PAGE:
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Nwaka reflects Man’s inhumanity in Mr Benjamin’s Pen


Nigerian literature is growing by the day with tons of published (increasingly self-published) works. While it shows the continued burgeoning of literary enterprise for which many great men and women of the yore years had laboured to put on the global space, the literary merits of the many works that are churned out will continue to raise genuine concerns.

Several factors could be adduced for these, including shoddy (or in some case seemingly lack of) editorial works, but it is becoming apparent that as more sans literary works prevail, the few genuine works lose out. Perhaps, that is why more focus is usually glanced towards the West for published Nigerian (as of African) literature.

Writers and publishers based in the country and on the continent then suffer inattention immeasurably. Tony Nwaka’s Mr Benjamin’s Pen is a work deserving the attention of anyone with interest in the blossoming Nigerian literature.Not for its mode of narration (multiple narrators) nor for its futuristic temporal setting, which are not novel inventions, but for the adroitness with which the author employed his chosen techniques as means towards telling and showing his story.


To have all the narrators ultimately serve the same purpose of explicating the stories around the loss of a pen by the eponymous character, Mr Benjamin, bears testament to the skills of the author.Aside from Benjamin, his estranged friend, Maxwell Odum, Professor Ambrose Idehen and Mr Ijele are all narrators whose varying associations with Benjamin provide insight into his personal life, his lofty academic pursuits and his somewhat casual politics, which is risky in a country like Nigerian where sycophancy and excessive fawning are the most important factors that keep political appointees in employment.

One of those narrators, Ijele, will become Benjamin’s (assumed) adversary as he cannot stand his perceived nonchalance, which more or less to him is a hubris that ought to be punished. And he succeeds. He does this through some untoward ingenuity. He takes Benjamin’s position in the cabinet of the governor of the fictional Coast state by first helping him to recover his lost pen!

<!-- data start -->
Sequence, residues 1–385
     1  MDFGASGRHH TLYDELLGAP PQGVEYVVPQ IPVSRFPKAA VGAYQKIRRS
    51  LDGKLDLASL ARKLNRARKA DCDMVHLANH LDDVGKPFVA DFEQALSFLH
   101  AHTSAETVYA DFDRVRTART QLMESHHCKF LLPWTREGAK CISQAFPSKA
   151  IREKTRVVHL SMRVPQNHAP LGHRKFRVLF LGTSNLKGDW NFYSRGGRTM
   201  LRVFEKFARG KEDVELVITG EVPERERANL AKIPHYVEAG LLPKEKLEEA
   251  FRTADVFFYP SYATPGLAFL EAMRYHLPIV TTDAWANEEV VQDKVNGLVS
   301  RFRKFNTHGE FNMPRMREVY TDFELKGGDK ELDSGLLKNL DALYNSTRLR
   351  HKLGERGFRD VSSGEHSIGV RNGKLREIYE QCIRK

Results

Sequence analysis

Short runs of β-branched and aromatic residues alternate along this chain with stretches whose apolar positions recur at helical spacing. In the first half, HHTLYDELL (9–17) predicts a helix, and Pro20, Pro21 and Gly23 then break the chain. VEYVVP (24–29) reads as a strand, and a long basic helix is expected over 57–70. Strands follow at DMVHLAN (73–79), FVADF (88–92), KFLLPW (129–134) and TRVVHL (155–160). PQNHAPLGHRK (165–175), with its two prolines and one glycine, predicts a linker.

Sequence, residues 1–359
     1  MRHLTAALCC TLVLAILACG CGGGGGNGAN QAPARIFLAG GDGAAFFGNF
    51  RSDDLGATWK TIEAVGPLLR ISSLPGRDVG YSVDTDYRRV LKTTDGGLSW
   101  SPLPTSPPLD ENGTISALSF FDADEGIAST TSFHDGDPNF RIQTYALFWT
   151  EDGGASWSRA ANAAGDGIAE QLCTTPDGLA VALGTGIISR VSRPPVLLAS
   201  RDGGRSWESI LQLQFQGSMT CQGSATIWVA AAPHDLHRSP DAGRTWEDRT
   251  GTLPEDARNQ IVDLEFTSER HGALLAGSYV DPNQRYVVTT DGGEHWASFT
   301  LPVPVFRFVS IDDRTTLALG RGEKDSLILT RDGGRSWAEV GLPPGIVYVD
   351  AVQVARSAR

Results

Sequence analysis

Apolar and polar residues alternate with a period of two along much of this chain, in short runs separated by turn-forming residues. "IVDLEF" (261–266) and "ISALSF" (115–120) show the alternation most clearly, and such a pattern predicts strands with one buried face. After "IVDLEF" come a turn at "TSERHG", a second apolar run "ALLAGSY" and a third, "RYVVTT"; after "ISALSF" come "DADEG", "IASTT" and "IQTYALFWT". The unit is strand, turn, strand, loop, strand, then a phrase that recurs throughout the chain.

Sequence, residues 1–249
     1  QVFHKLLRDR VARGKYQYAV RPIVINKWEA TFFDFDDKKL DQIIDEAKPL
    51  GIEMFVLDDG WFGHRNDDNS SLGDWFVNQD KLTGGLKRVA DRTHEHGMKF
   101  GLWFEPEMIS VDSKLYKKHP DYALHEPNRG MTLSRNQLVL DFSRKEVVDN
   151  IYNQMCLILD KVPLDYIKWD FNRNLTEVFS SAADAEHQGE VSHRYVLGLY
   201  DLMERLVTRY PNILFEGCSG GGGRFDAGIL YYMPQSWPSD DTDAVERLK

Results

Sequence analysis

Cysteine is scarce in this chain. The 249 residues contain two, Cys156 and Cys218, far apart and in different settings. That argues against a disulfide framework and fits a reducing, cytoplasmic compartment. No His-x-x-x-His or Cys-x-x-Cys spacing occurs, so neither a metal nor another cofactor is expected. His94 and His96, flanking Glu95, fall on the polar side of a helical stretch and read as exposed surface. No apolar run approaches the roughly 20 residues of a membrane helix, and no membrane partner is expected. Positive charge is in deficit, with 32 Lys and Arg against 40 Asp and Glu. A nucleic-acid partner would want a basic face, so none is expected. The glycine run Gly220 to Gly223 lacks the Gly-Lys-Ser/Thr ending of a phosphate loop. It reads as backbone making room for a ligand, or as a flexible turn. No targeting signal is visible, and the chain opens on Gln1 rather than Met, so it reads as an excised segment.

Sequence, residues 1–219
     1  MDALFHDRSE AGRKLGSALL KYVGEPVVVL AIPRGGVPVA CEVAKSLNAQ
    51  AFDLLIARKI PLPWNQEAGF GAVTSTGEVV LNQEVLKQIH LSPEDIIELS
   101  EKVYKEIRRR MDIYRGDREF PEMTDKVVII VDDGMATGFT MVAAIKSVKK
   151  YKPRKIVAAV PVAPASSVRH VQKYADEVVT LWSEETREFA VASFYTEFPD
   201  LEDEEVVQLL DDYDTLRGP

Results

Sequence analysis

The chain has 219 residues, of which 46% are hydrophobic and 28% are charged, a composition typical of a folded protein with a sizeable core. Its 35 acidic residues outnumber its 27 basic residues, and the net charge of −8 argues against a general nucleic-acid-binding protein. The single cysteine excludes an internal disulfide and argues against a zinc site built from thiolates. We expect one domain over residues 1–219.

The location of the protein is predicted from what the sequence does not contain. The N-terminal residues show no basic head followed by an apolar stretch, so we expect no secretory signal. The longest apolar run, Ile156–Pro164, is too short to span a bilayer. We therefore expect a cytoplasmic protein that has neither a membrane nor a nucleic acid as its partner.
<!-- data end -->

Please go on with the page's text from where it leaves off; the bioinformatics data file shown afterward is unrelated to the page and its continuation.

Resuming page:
A return of an almost inconsequential pen becomes the albatross of the protagonist of the novel. This is quite remarkable as one could have been led to anticipate the narrative of the novel being built around a genuinely valuable pen awarded to Benjamin at the earliest part of the story for his literary excellence. Suspense, irony and varying metaphors are some of the noticeable elements appropriated by the author to achieve this. That Ijele will eventually covet Benjamin’s prized pen after getting his position reflects man’s insatiable avarice and inhumanity to his kind. Perhaps, once he succeeds he will go after his wife?

But that does not happen. Ijele eventually loses the efficacy of his sinister methods which understandably leads to resolution of the conflict of the story. How this happens shows the author’s personal belief (or wish) that evil be ultimately punished by a supreme power, which also rewards good with positive results. The haste with which the author makes this happen in the novel can somewhat be faulted, however. That the resolution of the conflicts rather is precipitated by an occurrence akin to dues ex machina more or less shows the urge to resolve the skilful knots the author had himself weaved around the story so that he could end it. There could have been more careful use of cause and effect which gives plausibility. The excellence of the narration in whole is not in doubt, it should be stated.

Meanwhile, an unskilled reader might even be lost to the indefiniteness of the protagonist’s identity. Is Mr Benjamin really a persona in the fictional world of the novel or just a dreamy impression of another character in that world? Nwaka’s skilful narration provides much answer to this riddle.


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